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Sir John Bourn, Head of the National Audit Office, told Parliament today that the costs of compensation claims paid by the Ministry of Defence are on the increase and that more can be done to keep down the cost of handling claims and to improve the service to claimants. 

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Compensation and legal costs have risen from £25 million in 1992-93 to nearly £100 million in 2001-02, mainly due to factors outside the MoD’s control. The MoD estimates that the hidden extra costs of a claim are about six times the compensation paid. There are a number of new areas of claims, such as Gulf Veterans’ Illness, potentially in the pipeline.

The MoD has taken a number of steps to improve its handling of claims, and there have been improvements in, for example, the time taken. Despite this, the MoD should do more to reduce the time and cost. There were some instances where it had encountered extra costs or delays by not applying good practice. For example, it had sometimes had problems locating and providing documentation, and, prior to September 2000, had made unrealistic initial offers to claimants, thereby causing delay.

The MOD should also improve the way it addresses claimants’ non-financial concerns. Only 14 per cent of claimants said that they had received an apology, and 33 per cent an admission of liability, from the MoD. The introduction of new Civil Procedure Rules in 1999 will increase the number of claimants receiving an admission of liability, when appropriate, on newer claims.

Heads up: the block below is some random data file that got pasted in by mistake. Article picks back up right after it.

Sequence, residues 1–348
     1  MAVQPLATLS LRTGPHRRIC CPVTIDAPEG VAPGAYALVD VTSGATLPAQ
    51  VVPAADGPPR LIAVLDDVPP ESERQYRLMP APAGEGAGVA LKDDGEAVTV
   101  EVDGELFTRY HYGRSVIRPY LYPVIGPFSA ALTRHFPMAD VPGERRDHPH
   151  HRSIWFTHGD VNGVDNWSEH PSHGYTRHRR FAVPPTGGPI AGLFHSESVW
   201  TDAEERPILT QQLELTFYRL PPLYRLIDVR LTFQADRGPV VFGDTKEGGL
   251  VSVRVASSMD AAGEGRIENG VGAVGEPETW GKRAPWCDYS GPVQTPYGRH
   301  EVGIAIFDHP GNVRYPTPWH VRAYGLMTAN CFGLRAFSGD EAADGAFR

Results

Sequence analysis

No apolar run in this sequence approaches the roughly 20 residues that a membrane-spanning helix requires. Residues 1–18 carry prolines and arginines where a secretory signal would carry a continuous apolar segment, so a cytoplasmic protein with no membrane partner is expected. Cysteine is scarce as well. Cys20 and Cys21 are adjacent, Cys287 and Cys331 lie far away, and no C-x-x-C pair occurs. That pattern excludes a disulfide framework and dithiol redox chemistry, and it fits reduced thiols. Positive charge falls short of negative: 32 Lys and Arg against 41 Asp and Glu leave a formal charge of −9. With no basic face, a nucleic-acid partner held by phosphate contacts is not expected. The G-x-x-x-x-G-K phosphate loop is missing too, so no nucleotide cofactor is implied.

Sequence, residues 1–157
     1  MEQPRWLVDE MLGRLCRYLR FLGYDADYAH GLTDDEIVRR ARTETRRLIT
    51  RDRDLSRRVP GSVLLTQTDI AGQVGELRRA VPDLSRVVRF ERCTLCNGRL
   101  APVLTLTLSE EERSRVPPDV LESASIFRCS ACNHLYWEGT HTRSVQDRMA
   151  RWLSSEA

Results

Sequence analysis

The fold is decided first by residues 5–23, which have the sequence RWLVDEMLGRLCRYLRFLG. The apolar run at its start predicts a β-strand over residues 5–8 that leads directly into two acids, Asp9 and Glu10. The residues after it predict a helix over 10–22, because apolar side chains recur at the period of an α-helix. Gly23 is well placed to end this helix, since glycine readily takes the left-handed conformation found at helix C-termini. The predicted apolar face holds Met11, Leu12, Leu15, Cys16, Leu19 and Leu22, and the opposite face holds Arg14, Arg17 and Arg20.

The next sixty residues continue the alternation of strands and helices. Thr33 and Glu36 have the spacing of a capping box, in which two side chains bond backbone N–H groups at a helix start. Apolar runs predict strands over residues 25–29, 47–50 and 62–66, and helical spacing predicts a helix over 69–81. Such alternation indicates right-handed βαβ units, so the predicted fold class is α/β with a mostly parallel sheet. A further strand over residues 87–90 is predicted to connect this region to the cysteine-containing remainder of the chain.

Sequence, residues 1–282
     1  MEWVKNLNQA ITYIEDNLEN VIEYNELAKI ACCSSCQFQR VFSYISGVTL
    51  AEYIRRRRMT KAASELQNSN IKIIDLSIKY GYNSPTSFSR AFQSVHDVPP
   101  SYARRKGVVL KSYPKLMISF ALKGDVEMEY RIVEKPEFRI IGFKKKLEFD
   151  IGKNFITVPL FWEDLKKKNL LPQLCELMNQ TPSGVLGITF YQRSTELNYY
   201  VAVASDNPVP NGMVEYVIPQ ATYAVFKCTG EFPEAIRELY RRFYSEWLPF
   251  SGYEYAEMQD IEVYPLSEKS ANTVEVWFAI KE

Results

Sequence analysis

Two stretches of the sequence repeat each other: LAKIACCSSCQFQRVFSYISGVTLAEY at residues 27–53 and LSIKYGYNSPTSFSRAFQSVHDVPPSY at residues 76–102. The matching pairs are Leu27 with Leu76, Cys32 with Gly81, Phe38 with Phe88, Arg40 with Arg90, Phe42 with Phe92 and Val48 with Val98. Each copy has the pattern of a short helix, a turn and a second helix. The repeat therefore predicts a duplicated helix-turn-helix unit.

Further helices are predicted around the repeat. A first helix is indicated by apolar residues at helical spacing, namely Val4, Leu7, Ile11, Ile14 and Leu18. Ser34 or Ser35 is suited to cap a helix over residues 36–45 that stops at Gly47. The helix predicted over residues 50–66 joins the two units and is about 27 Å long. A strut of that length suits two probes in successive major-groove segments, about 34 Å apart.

Although some of the MoD’s activities, such as combat, and assault course and riot training, involve a greater than normal risk of injury, many incidents are avoidable. Most incidents took place away from the battlefield or combat training. The MoD has recently taken steps to improve its management of health and safety, in order to try to prevent incidents which give rise to claims. Its performance has improved, with falls in the number of reported incidents (by 24% between 98-99 and 01-02), and compares well to that of other organisations. There are problems, however, with the completeness and quality of the MoD’s data on incidents. Only about 40 per cent of incidents were recorded, although this was in line with national figures. Despite good guidance, the quality of the risk assessments undertaken to prevent incidents and the investigation of incidents when they occurred was mixed.

More should be done to strengthen the links between those parts of the MoD which deal with risks, incidents and claims. Unlike in some other organisations, the cost of any compensation paid does not fall on the budgets of those in the MoD responsible for preventing the occurrence of incidents in the first place. The hidden costs associated with such claims, such as lost working hours and equipment repair costs, do fall on the individual budgets, but are not linked to the incident. Thus the budget holder is not directly aware of the full cost of the incident and has little financial incentive to invest in measures to reduce the risk of incidents, as they see none of the resulting savings in compensation paid.

"While the MoD has taken steps to improve the way it prevents incidents and handles claims for compensation, there is no room for complacency. Many incidents could be avoided and there are a number of steps the MoD should take to improve prevention. When things do go wrong, the result is often a personal tragedy for claimants and their families. It is therefore only right that MoD provide recompense in a timely and efficient way, and pay closer attention to the non-financial needs of claimants, including apologising where it is genuinely at fault."

Sir John Bourn


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